Medical experts are quick to dispute HerpAlert's findings.
According to Jose Arballo, a reputed member of the Riverside Department of Public Health, the reports of a herpes outbreak Coachella are completely false. "I reached out to our lab departments, disease control, and our HIV and STD program and none of them reported a spike in herpes cases," the public information officer told the press.
As you likely heard, a web-based resourced called HerpAlert is at the root of the news story. By sourcing their pool of data, TMZ was able to piece together a written report illustrating a 2,083% increase in reported herpes cases in Indio, California, and the surrounding townships.
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Arballo's reluctance to accept HerpAlert's findings comes from a learned. Let me preface that by saying, I for one don't fully understand how the disease is transmitted, but I'll let Arballo's medical colleagues take it from here on out.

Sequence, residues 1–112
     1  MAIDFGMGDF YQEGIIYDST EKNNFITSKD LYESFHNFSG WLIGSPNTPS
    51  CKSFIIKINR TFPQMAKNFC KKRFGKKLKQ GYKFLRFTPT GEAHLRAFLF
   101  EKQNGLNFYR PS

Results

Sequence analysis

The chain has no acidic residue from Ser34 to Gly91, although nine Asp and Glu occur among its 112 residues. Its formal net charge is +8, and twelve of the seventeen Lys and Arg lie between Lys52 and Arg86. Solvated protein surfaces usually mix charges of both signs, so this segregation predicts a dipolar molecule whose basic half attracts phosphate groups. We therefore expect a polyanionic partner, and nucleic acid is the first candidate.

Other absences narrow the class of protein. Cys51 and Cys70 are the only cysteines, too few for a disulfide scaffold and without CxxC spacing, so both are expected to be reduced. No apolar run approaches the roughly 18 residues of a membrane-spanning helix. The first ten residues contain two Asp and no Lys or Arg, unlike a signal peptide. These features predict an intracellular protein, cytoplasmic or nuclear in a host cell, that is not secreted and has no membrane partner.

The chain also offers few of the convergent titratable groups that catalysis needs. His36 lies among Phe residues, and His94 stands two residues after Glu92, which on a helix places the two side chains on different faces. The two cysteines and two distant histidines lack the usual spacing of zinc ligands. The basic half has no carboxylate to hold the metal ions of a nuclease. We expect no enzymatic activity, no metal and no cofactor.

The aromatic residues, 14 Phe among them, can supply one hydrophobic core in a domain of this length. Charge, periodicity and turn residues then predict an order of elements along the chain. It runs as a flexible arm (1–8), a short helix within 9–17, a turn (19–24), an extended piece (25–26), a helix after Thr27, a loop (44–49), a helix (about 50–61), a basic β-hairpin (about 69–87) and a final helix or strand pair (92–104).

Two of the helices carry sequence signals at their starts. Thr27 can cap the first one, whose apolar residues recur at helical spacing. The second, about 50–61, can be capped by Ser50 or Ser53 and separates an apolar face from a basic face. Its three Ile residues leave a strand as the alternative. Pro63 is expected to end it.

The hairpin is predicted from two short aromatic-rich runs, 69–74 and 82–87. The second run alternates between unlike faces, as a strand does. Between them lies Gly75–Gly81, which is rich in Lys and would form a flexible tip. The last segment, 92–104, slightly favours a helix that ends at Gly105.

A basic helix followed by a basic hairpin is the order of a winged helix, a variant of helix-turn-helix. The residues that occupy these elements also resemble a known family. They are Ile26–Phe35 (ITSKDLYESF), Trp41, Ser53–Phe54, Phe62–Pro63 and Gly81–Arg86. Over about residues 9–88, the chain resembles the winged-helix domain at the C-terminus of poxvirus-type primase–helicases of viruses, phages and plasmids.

“My first reaction is that the whole thing is kind of silly because symptoms don’t typically show up in 24 hours," said Dr. Jill Grimes, a respected medical practitioner who authored a fairly comprehensive book titled "Seductive Delusions: How Everyday People Catch STDs." After looking into it myself, I can honestly say she's right: herpes does indeed incur a period of gestation before it rears its ugly head.
With that said, the opinion of several medical officials doesn't disprove HerpAlert's findings - within a shadow of a doubt. In its initial report, HerpAlert did state that their findings were based off a week's worth of data. In either case, HerpAlert does sound like a bungled start-up company, but who's to say a doctor won't lead you astray. I smell fish all over.